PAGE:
Deer & Deer Hunting


The breeding system of white-tailed deer involves formation of a tending bond, through which a buck courts, guards and tends an estrous female. Traditionally, researchers believed a strict breeding hierarchy results, wherein relatively few of the most dominant males monopolized and bred nearly all of the estrous females. Generally, we thought bucks were not choosy regarding with which females they mate, but instead, maximized their reproductive success by mating with as many females as possible, despite intense competition for mates.

Although we thought relatively few of only the highest ranking individuals sired most of the offspring annually, research indicates this might not be the case. Studies employing genetic techniques challenge this line of thinking, even when whitetail populations are unhunted and the male segment of the herd is well age structured.


Typically, a buck’s body size, antler size, fighting ability, signposting skills, courtship finesse and dominance rank increase with age. These traits and skills normally peak when he’s between 4½ and 8½ years old. Hence, these prime-age individuals would be expected to do the bulk of the breeding, whereas smaller, younger and less skilled bucks would have little opportunity to secure mates.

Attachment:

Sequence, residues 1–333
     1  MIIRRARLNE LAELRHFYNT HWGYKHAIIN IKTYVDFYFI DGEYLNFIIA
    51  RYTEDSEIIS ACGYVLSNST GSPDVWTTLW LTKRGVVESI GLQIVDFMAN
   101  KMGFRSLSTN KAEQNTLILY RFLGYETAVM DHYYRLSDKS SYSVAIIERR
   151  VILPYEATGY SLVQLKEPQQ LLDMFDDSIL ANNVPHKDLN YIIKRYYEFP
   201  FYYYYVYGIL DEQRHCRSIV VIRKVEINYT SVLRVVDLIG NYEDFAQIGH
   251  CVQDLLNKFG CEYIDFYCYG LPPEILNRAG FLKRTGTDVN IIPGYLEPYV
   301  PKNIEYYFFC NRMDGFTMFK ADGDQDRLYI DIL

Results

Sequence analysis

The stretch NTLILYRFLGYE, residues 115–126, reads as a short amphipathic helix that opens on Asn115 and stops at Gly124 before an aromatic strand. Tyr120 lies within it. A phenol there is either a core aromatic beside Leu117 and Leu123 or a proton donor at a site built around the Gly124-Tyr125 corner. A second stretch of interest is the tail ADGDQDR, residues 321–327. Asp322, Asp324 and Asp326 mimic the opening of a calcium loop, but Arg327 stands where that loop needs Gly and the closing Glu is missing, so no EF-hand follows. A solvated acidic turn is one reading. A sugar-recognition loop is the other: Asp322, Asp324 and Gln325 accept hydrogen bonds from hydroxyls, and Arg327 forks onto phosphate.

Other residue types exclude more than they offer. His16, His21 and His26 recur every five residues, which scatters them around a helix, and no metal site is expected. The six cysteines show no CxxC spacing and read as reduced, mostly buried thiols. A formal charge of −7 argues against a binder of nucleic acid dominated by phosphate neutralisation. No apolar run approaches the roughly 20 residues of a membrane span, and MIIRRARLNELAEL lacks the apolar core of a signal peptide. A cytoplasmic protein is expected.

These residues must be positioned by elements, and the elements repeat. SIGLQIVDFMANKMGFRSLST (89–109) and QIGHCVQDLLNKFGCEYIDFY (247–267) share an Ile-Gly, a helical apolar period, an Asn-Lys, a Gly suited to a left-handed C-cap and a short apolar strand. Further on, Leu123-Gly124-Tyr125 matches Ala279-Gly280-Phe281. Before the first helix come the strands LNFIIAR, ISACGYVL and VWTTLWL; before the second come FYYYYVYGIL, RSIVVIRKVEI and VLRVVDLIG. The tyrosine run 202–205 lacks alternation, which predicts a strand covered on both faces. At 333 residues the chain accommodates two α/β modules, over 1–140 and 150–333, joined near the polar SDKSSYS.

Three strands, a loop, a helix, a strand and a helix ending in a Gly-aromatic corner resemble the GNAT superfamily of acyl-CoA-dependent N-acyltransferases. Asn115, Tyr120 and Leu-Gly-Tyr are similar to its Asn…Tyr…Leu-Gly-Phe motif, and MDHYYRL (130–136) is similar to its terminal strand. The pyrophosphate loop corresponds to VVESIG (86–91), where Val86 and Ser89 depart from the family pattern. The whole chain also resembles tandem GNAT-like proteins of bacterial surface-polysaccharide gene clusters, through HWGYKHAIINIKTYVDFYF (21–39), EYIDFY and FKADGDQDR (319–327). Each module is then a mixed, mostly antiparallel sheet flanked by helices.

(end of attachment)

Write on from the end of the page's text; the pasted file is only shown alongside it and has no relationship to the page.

Presumably, such a breeding strategy, through which male mating success is determined by individual rank on the dominance hierarchy, assures genetic fitness of the offspring conceived, because only the physically superior males would reproduce. For example, this has been proven to be the case for some ungulates, such as reindeer. And, based on observational studies, we also thought whitetails employed this type of breeding strategy. Although all this makes good adaptive sense — and tends to be

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